” (131–32) ome pro-Queer scholars such as Michael Warner are not so negative. Warner sees the Circuit as one more target for condemnation by hose who want to be Gay but are ashamed of those who are too Queer: On top of having ordinary sexual shame, and on top of having shame or being gay, the dignified homosexual also feels ashamed of every queer who flaunts his sex and his faggotry, making the dignified homosexual’s tigma all the more justifiable in the eyes of straights. On top of that, he feels shame about his own shame, the fatedness of which hes powerless to redress. What’s a poor homosexual to do? Pin it on the fuckers who deserve it: sex addicts, bodybuilders in helsea or West Hollywood, circuit boys, flaming queens, dildo dykes, people with HIV, anyone who magnetizes the stigma you can’t shake.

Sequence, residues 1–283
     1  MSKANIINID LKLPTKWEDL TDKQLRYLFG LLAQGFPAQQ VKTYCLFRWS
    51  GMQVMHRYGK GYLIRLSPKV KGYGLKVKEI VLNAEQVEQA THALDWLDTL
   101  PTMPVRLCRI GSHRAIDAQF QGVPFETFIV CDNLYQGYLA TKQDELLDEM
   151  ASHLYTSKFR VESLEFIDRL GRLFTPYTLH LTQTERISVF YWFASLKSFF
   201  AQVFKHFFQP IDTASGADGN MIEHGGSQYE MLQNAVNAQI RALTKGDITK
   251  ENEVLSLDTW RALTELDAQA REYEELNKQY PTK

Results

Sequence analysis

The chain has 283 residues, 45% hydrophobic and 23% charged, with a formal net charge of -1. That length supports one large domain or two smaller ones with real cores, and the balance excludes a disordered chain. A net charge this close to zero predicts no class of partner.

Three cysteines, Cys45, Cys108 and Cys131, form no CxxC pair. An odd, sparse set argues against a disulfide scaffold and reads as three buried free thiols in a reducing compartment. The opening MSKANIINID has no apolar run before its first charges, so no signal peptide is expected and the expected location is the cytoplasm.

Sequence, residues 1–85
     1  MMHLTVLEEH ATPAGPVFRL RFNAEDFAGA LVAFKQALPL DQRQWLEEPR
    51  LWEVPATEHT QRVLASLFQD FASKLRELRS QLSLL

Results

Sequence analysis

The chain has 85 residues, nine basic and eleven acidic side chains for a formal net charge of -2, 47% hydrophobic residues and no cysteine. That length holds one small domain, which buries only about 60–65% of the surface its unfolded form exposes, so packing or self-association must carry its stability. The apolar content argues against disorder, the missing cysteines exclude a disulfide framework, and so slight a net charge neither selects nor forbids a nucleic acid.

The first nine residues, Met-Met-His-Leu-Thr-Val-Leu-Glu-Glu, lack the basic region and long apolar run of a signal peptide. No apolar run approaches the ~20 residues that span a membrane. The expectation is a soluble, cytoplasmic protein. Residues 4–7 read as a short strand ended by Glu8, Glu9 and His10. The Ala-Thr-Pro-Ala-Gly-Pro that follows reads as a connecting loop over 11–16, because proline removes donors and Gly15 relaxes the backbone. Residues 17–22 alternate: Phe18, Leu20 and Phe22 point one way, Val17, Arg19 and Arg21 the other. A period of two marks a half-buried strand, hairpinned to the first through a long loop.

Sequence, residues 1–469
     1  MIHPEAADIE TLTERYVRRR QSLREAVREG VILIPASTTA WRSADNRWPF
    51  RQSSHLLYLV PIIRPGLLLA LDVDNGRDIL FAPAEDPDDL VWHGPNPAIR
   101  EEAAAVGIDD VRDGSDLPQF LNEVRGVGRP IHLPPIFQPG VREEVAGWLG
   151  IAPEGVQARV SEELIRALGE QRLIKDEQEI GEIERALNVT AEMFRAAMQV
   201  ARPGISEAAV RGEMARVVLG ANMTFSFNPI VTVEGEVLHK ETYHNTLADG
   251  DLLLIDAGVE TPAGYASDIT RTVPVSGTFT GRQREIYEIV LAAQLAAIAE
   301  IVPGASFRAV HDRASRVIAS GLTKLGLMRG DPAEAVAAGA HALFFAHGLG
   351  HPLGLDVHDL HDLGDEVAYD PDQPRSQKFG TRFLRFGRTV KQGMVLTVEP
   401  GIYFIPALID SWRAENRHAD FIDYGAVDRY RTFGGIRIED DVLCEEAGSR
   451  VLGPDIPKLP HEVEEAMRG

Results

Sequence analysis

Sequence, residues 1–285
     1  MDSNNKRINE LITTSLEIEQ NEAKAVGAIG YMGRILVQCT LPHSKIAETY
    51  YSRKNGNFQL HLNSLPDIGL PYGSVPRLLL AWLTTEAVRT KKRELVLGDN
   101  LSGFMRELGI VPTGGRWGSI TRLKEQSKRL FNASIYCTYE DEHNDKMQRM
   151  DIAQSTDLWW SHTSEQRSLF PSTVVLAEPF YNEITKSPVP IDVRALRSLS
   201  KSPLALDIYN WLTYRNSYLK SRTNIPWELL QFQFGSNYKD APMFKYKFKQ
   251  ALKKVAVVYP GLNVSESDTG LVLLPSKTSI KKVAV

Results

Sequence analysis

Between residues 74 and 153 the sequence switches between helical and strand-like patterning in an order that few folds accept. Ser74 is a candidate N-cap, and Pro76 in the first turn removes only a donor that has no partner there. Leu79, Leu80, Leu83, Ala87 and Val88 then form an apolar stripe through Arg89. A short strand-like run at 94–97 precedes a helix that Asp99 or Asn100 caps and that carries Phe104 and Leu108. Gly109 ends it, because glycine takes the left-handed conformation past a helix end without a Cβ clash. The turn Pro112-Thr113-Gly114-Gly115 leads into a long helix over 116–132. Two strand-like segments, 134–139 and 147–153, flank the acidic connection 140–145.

he irony is that in this culture, such a response will always pass as sexual ethics. Larry Kramer and other gay moralists have made areers out of it…. (Trouble 32) Circuit boys are a condemned community within a condemned community,twofold example of what Erving Goffman calls a “spoiledp blic identity” (Stigma 107). Participants face the double stigma of being labeled as homosexuals by the general public and Circuit queens (substance-abusive narcissistic sex fiends) by the Gay community in general. But stigma implies that the reasons why the Circuit is condemned might be undeserved, that somehow, the Circuit community is unfairly singled out and victimized.